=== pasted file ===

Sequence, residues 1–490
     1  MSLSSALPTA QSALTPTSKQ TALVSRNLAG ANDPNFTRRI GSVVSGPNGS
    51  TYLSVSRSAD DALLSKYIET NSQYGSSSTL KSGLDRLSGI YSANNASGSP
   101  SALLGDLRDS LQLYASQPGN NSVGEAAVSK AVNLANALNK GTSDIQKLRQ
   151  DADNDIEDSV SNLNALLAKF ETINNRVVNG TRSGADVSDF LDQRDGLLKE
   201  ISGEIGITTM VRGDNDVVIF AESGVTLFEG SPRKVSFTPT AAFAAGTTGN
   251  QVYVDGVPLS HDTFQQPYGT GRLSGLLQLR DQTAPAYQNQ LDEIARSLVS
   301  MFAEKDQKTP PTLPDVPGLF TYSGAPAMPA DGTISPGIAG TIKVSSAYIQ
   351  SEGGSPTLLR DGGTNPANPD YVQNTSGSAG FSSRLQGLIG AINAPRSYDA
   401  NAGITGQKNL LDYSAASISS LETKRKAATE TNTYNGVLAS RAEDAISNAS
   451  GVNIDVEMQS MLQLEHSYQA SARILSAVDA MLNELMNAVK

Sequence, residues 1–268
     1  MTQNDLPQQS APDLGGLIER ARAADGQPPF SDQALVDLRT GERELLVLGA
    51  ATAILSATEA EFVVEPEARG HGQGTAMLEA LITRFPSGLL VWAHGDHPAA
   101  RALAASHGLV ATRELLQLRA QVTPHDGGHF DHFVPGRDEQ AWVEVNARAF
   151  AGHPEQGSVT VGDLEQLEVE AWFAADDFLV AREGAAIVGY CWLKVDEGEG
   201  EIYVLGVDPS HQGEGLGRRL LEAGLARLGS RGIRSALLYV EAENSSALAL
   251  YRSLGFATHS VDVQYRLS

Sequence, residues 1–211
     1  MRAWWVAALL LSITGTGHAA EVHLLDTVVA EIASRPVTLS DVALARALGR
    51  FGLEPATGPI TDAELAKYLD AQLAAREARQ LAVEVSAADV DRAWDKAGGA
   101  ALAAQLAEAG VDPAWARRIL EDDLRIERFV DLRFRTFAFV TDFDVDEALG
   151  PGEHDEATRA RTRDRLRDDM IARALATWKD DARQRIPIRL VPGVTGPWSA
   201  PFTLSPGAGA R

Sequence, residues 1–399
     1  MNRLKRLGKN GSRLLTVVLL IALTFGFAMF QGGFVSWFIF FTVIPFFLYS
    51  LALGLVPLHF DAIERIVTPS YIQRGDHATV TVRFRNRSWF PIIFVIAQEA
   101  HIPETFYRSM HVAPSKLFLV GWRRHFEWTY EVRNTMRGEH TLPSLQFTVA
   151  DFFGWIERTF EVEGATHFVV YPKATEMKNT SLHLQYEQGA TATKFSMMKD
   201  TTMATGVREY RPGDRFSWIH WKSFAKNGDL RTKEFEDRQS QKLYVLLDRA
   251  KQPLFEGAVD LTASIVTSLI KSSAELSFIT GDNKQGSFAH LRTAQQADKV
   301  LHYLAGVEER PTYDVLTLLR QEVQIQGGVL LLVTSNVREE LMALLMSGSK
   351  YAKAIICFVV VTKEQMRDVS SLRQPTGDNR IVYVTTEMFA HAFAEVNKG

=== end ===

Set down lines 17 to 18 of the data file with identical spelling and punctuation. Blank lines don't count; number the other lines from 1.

   201  EIYVLGVDPS HQGEGLGRRL LEAGLARLGS RGIRSALLYV EAENSSALAL
   251  YRSLGFATHS VDVQYRLS